13. A container according to claim 12, wherein said container body includes a side seam.
14. A container according to claim 13, wherein said container has a compressed fluid on the skirt side of said piston and the material on the other side of said piston, wherein said compressed fluid causes said piston to exert pressure axially on the material.
15. A container according to claim 14, wherein said piston further includes an extension circumscribing said skirt at the distal end thereof.
16. A container according to claim 15, wherein said container body and said piston are circular in cross-section and the distal end of said extension lines in a plane substantially normal to the cross-section of said container body.
17. A container according to claim 14, wherein said container body includes a valve secured to one end thereof, said piston is disposed in said container body with the skirt side of said piston directed away from said one end of said container body and said face portion has a contour generally corresponding to the contour of said one end of said container body.
Description
BACKGROUND OF THE INVENTION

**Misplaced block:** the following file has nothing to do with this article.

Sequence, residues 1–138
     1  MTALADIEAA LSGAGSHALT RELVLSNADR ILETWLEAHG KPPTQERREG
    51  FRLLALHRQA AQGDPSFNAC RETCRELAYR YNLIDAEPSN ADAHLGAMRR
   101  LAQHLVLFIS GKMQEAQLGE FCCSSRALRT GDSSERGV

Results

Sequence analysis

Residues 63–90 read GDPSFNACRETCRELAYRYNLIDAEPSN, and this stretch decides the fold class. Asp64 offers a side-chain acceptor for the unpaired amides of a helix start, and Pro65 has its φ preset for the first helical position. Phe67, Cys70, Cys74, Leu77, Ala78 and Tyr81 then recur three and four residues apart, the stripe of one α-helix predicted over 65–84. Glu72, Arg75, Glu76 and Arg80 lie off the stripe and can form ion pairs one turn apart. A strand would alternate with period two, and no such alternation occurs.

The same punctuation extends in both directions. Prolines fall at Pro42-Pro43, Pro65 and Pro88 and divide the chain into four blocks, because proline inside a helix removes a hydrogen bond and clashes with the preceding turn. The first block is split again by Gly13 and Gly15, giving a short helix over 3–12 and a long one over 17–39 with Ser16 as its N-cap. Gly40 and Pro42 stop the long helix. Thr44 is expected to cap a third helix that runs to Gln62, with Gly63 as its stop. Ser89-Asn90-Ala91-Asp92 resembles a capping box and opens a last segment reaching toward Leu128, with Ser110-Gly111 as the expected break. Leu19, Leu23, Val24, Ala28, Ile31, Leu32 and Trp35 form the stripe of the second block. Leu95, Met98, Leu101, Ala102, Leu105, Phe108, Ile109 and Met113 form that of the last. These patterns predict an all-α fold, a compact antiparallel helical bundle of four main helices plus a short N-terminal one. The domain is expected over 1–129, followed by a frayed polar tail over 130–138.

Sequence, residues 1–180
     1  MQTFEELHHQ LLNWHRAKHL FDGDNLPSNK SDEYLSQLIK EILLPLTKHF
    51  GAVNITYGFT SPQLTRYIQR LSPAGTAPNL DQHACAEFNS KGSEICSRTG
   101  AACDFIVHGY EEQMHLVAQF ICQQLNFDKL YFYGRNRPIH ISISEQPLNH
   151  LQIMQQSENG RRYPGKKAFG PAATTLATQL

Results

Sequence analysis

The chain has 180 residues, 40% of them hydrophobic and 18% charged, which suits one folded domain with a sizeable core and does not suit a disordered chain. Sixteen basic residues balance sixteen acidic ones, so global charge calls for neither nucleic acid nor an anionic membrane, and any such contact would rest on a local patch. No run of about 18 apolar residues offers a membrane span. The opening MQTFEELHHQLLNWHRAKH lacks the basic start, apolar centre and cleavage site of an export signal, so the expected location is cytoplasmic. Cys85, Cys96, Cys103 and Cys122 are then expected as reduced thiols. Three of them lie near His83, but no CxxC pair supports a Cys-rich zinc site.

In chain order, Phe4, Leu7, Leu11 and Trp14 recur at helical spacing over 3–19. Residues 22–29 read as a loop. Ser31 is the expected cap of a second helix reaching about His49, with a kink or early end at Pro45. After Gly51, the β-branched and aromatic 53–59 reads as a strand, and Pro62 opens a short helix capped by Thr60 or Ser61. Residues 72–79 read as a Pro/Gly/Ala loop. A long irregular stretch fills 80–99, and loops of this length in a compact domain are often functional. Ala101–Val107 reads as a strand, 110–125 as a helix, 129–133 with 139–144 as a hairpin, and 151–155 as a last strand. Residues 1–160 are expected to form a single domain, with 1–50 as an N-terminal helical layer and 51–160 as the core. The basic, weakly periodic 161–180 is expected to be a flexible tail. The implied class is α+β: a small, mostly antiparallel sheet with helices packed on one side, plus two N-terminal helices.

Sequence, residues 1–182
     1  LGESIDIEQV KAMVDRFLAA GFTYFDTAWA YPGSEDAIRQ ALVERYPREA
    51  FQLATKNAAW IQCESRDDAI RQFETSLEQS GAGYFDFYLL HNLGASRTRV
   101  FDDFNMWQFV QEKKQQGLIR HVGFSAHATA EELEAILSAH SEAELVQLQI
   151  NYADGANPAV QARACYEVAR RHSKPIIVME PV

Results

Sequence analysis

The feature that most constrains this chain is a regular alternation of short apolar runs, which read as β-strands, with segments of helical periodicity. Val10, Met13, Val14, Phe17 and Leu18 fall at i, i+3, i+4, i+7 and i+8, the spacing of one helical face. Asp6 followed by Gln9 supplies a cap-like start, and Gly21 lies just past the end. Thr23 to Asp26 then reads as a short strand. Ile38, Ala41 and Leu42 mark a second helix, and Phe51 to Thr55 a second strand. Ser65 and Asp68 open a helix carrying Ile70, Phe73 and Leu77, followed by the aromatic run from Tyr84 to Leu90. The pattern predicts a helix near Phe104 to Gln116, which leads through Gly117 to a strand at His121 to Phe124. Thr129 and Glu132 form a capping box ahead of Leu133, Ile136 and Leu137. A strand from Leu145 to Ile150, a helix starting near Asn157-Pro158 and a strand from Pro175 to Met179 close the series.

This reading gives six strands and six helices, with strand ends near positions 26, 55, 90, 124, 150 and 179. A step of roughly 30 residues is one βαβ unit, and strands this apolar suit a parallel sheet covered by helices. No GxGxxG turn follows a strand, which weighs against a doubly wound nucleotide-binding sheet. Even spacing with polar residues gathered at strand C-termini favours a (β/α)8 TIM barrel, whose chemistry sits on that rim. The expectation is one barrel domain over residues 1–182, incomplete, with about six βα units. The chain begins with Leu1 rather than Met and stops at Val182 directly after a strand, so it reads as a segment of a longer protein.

1. Field of the Invention

The present invention relates to a piston and, more particularly, to a low mass piston adapted for use in pressurizing a material to be dispensed from an aerosol container.

2. Description of Related Art

Aerosol containers are used to dispense many materials, all of which, by definition, are held under pressure in the container. In some cases, a piston is disposed within the container, and the material to be dispensed is on one side of the piston and a pressurized fluid, typically air, is on the other side of the piston. As the material is dispensed, the piston maintains pressure on the remaining material by translating longitudinally within the container in contact with the inside wall of the container.

For proper operation, the piston must form and maintain an effective seal with the inside wall of the aerosol container. If the piston fails to seal, the material to be dispensed may leak to the pressurized fluid side of the piston. This leakage reduces the amount of material which can be dispensed. Moreover, for certain types of material and pressurized fluid, the leaked material may spoil. Additionally, when the piston-sidewall seal fails, the pressurized fluid may leak to the material side of the piston. This fault, known as blow by can also create problems.